Cute but contrary

As her 7th birthday approaches, Ellie is currently going through a new and … er… interesting (aka annoying) phase. It seems to have 2 distinct features although I’m hoping a third is that it will be short lived.

1. White lies
Ellie has developed a weird habit of telling pointless, small, white lies. Not about anything big and mostly it seems to be about wanting to be better, show off or pretend she knows best.

For example when talking about Mary Seacole, who they were studying at school, we discovered that there is a portrait of her at the national portrait gallery in London. Immediately Ellie told me that she’d been to see it – with her Dad (who lives in London). Now don’t get me wrong they do go to museums often when she’s with him, but I have to ask what are the chances that they went specifically to see a portrait of a woman that until a week before this conversation Ellie had never heard of. You get my point?

The thing is, it’s constant and it’s driving me mad – it’s nothing major so I don’t want to make a huge deal out of it – but essentially it is lying and that’s not ok with me. It’s a dilemma but what I’ve decided is that when I look back now at things that worried me when Ellie was younger I think maybe I should have chilled, so that’s what I’m going to do this time (for now). Well – I’m going to try.

2. Ellie knows best
The second feature of Ellie’s new phase is that she is always right – literally always. I can’t tell her anything but more than that, no one can, because she knows. I have to add that there are two exceptions to this – Aunties and teachers. To be honest there is little I can say about this except – I suspect teenage years are going to be a challenge.

And so there it is – a quick and effective portrait of the least attractive features of Ellie at almost 7 and a reasonable explanation as to why I have entitled this post ‘cute but contrary’. On the plus side I still get lots of hugs and kisses, she’s doing really well at school, she still enjoys bedtime stories with me and I’m truly incredibly proud of her. I guess that kind of balances it out.

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Welcoming in 2015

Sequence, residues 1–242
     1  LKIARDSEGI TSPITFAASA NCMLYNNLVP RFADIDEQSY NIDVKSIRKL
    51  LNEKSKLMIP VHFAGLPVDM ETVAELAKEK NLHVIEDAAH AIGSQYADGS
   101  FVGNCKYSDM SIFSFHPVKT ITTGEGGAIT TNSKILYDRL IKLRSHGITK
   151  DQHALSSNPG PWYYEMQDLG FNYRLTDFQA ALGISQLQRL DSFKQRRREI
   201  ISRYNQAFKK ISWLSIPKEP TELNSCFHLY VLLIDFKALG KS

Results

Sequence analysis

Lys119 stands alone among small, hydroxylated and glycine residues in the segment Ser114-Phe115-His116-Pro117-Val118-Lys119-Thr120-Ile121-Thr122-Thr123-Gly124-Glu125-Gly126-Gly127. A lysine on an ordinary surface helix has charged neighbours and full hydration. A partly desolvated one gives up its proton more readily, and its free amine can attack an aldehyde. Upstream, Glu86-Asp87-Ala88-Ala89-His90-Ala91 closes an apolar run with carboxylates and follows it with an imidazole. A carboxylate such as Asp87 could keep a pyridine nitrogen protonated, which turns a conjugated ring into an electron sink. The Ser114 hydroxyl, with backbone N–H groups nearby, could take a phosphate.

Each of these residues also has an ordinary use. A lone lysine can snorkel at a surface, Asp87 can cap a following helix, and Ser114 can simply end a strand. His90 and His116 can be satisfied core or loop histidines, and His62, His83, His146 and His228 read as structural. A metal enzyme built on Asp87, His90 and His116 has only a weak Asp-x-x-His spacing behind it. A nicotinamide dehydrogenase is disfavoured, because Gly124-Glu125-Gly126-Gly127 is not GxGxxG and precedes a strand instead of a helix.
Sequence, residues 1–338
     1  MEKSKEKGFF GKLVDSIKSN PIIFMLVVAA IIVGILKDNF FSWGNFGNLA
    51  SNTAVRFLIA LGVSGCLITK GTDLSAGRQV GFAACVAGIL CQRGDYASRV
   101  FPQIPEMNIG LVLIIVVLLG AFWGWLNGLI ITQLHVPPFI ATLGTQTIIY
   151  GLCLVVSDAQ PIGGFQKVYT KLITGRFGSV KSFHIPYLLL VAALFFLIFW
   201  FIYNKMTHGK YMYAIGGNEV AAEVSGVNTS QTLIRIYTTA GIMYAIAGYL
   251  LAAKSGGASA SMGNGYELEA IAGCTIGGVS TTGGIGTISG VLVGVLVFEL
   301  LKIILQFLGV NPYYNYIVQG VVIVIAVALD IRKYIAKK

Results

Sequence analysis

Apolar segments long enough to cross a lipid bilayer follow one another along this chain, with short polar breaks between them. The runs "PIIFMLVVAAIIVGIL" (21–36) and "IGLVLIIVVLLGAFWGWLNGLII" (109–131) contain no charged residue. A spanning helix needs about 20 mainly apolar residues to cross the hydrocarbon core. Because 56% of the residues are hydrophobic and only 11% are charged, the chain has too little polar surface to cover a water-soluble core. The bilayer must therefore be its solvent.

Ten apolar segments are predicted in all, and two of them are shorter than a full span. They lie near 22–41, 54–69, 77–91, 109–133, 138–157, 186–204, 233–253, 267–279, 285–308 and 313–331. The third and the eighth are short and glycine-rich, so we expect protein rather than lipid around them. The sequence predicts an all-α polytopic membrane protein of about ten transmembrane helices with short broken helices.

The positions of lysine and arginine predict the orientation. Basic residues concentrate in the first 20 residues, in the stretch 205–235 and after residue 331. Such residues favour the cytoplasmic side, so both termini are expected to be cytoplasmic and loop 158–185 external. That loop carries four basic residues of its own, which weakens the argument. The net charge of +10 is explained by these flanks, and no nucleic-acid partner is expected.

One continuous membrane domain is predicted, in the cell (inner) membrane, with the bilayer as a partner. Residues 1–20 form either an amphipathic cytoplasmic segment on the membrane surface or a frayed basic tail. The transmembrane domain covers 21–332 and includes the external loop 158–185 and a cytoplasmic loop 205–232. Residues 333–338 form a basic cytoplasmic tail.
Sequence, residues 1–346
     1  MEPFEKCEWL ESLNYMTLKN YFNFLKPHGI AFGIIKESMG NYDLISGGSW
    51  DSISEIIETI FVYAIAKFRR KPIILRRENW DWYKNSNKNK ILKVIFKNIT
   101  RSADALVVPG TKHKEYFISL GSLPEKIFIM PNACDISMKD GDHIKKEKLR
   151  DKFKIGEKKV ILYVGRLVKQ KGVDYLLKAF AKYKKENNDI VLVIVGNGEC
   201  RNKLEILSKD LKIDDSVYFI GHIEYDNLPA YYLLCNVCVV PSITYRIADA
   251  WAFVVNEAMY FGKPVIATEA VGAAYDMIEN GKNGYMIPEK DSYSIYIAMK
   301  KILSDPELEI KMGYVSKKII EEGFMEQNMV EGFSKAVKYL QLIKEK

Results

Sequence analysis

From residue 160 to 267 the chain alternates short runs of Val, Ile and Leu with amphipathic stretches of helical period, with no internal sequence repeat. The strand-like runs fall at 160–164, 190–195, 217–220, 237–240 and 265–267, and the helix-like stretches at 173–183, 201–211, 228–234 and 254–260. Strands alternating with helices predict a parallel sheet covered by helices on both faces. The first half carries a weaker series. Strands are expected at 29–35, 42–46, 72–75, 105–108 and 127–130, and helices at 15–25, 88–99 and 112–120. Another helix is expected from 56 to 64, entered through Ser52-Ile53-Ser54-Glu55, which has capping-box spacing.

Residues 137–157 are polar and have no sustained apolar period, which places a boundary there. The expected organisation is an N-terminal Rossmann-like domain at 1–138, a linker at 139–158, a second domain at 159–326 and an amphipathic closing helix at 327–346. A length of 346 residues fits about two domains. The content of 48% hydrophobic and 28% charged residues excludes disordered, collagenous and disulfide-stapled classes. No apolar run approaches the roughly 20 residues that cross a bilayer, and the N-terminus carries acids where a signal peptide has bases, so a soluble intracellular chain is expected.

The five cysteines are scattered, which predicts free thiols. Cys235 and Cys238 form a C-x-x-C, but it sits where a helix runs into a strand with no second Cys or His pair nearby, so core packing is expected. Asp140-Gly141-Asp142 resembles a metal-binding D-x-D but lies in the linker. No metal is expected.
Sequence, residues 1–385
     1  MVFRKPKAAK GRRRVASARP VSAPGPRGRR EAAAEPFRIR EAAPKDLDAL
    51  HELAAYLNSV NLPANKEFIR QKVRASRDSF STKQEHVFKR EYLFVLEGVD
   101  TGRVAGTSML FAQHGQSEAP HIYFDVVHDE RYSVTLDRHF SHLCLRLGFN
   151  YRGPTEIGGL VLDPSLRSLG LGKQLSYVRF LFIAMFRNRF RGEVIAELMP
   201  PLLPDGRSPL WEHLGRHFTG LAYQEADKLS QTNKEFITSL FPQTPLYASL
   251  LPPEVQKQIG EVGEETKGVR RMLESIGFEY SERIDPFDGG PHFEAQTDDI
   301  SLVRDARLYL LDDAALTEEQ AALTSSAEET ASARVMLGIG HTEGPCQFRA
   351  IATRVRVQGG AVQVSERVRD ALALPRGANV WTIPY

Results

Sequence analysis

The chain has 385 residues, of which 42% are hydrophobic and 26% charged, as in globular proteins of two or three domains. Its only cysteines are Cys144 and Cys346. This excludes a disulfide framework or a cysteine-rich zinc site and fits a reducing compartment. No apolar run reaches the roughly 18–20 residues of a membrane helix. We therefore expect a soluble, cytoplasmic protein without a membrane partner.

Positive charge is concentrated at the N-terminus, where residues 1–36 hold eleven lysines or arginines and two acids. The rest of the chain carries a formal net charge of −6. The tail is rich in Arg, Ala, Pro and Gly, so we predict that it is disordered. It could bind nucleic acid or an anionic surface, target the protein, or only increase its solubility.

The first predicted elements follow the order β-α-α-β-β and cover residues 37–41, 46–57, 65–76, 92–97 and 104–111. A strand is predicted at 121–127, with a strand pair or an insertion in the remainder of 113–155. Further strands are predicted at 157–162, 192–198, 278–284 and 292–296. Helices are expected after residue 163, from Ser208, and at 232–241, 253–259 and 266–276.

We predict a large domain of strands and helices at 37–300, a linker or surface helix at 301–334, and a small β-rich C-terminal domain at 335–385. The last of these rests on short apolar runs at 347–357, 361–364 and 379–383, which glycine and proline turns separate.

I’m going to start this, my first post of 2015, by apologising for my lack of posts in the last few weeks. I actually had lots to share about our Christmas plans and preparations, my Christmas stresses and of course our Christmas highlights. Unfortunately my mum became quite ill and was in hospital all over the festivities, so with life more hectic and stressful than normal the post never got written.

I’m pleased to say that my mum is home now (recovering well) and despite everything we actually had a great Christmas. This year was especially important to us because our little family of four were together for both Christmas Eve and Christmas Day – something you can’t take for granted when you’ve joined two families and the children have other parents to see.

So then, I’ve decided that my first post of 2015 will be to share some of the highlights from our Christmas as sign of defiance to life – which has a nasty habit of throwing things at you. Happy New Year everyone – I hope your 2015 doesn’t have any bumps in the road, but if it does – I hope you can step right over them.

(I should probably explain that the first picture is my little Mary from the Christmas nativity!)

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Christmas cuddles with new teddy

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It’s making me scream!!

For the first time in ages, this is a post that I’m writing because I have to. This is my virtual scream – please don’t let that put you off though, there’s some things in here that you really need to know.

A couple of weeks ago I discovered that Ellie had got threadworms. That isn’t what made me want to scream though.
It’s actually the second time she’s had them now. Even that though, is not what has made me scream.

What’s really made me scream is the reaction from a very very small number of people. I did what any responsible parent should do – I informed the school and I also told some of my mum friends directly, so they could keep an eye out for their children. I did this because it’s the right thing to do and because your child having threadworms is nothing to be ashamed of.